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“Mauritius can structure ADRs and establish a centre of excellence to serve the IORA region”

DR. DRISHTYSINGH RAMDENEE, General Secretary of the MCCI
DR. DRISHTYSINGH RAMDENEE, General Secretary of the MCCI

At the symposium on Alternate Dispute Resolution (ADR), Dr. Drishtysingh Ramdenee, General Secretary of the Mauritius Chamber of Commerce and Industry (MCCI), emphasised the importance of a clear, precise, and cost-effective framework for resolving commercial disputes. The event, which aligned with the findings of a study by the Core Group of the Indian Ocean Rim Association (IORA), highlighted Mauritius’ potential to structure ADRs and establish a centre of excellence to serve the IORA region. “With the economy increasingly focused on services and external investments, the symposium aimed to increase awareness about ADR among global business operators and lawyers, and showcase Mauritius’ commitment to swift dispute resolution,” Dr. Ramdenee states in a Q&A with BIZWEEK. He also highlights the evolution of the MCCI’s arbitration centre, established in 1855, and its efforts to expand its vision and scope, particularly in Africa.

What are the objectives of holding this symposium on Alternate Dispute Resolution in Mauritius?Our economy, and the economic cycle, is increasingly focused on services and the need for external investments, especially in innovative and productive sectors. Therefore, what investors seek is reassurance across all aspects. In Mauritius, we have made progress on several fronts, notably in the Ease of Doing Business. However, having a clear, precise, time and cost-effective framework is essential for resolving commercial disputes.

Alternate Dispute Resolution (ADR), including arbitration and mediation, is vital. For us, the Symposium aligns with the conclusion of the study conducted by the Core Group of the IORA. This research indicates that Mauritius has all the necessary resources not only to structure ADRs, but also to establish a centre of excellence to serve the IORA region. The primary goal is to disseminate this insightful information, thereby outsourcing ADR services through Mauritius. Additionally, we aim to increase awareness about ADR among various stakeholders who can formalize and officiate this type of service, particularly global business operators and lawyers. Most importantly, we want to convey that in Mauritius, we are continually building and structuring, through a robust network of experts, the ability to resolve disputes swiftly. This provides investors comfort in these new economic sectors, whether they be services or significant infrastructural investments.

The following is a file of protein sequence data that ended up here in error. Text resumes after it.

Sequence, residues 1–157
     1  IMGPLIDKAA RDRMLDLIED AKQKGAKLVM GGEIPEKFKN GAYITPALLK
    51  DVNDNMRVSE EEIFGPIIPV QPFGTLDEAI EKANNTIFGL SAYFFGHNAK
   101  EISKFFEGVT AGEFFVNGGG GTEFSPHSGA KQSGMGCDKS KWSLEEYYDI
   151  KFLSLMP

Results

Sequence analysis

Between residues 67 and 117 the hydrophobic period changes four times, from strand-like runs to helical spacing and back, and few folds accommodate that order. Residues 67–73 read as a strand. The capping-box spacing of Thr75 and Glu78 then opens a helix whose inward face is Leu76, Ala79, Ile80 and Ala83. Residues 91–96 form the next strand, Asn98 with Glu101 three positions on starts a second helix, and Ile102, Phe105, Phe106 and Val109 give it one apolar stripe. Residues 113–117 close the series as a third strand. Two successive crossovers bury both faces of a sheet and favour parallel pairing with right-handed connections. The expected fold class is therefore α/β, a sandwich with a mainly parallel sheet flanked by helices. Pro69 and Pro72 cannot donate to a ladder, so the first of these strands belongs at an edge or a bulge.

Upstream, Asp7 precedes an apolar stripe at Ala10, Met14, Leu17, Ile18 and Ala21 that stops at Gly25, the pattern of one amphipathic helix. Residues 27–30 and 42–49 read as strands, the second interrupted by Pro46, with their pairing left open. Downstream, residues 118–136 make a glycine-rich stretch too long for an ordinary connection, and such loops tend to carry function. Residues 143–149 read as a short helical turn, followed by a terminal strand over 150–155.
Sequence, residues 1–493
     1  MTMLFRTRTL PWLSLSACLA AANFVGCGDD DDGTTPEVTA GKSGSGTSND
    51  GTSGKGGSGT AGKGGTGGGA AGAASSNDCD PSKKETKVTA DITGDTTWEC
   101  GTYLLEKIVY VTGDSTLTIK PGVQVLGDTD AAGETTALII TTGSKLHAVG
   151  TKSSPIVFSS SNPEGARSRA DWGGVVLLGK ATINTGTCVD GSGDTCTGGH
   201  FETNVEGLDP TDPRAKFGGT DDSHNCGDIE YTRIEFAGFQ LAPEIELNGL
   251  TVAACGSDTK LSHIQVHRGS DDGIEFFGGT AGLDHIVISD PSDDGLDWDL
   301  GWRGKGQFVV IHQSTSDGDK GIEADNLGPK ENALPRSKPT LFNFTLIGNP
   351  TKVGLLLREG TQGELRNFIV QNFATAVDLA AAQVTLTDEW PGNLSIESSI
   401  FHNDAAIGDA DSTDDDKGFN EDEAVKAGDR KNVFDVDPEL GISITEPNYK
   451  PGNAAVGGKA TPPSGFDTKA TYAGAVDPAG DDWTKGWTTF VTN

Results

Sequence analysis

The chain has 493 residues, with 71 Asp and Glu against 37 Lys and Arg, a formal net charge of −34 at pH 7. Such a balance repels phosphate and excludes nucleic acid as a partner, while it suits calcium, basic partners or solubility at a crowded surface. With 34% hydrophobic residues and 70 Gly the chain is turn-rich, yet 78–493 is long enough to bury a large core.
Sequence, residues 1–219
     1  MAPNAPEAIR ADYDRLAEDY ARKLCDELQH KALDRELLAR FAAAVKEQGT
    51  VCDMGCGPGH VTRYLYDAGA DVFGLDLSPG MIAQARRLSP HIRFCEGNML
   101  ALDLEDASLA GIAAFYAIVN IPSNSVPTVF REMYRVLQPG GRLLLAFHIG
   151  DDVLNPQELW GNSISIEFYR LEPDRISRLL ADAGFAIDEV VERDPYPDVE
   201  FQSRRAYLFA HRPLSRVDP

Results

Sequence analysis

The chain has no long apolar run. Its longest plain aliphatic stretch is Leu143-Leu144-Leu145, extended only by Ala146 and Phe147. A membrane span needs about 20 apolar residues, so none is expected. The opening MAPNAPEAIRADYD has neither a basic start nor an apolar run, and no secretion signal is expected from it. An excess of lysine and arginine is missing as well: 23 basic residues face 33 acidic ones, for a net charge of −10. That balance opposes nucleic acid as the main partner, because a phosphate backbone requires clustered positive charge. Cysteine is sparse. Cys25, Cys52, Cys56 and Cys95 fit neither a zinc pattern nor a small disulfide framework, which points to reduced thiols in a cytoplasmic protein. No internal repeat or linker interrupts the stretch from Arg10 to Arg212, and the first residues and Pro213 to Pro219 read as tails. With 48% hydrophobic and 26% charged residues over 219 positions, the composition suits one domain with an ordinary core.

The Chamber of Commerce has maintained its arbitration centre for a long time. How have the Chamber of Commerce’s arbitration services evolved?

Indeed. It’s important to understand that ADR, specifically arbitration and mediation, has been practiced since the inception of the MCCI, which dates back to 1950. The first case was handled in 1955.

This historical context serves as a reminder that from early on, Mauritius, the private sector, and operators understood the importance of ADR. It’s in our DNA, and it has evolved positively, demonstrating longevity as a centre that has been in existence for nearly 175 years. Moreover, our visibility, as demonstrated through networking with international experts, is noticeable. Interestingly, we are trying to expand the vision and scope of MARC, particularly in Africa. As seen today, we had nearly 100 virtual participants, mainly from the COMESA and SADC regions. This indicates their keen interest and presence in the Mauritian jurisdiction, especially for the IFC, to resolve all disputes, seek commercial resolutions, and facilitate investments in Africa. In short, MARC is consolidating and diversifying its services, focusing on regional and international visions. Additionally, we aim to train all participants to be ambassadors and competent mediators and arbitrators.

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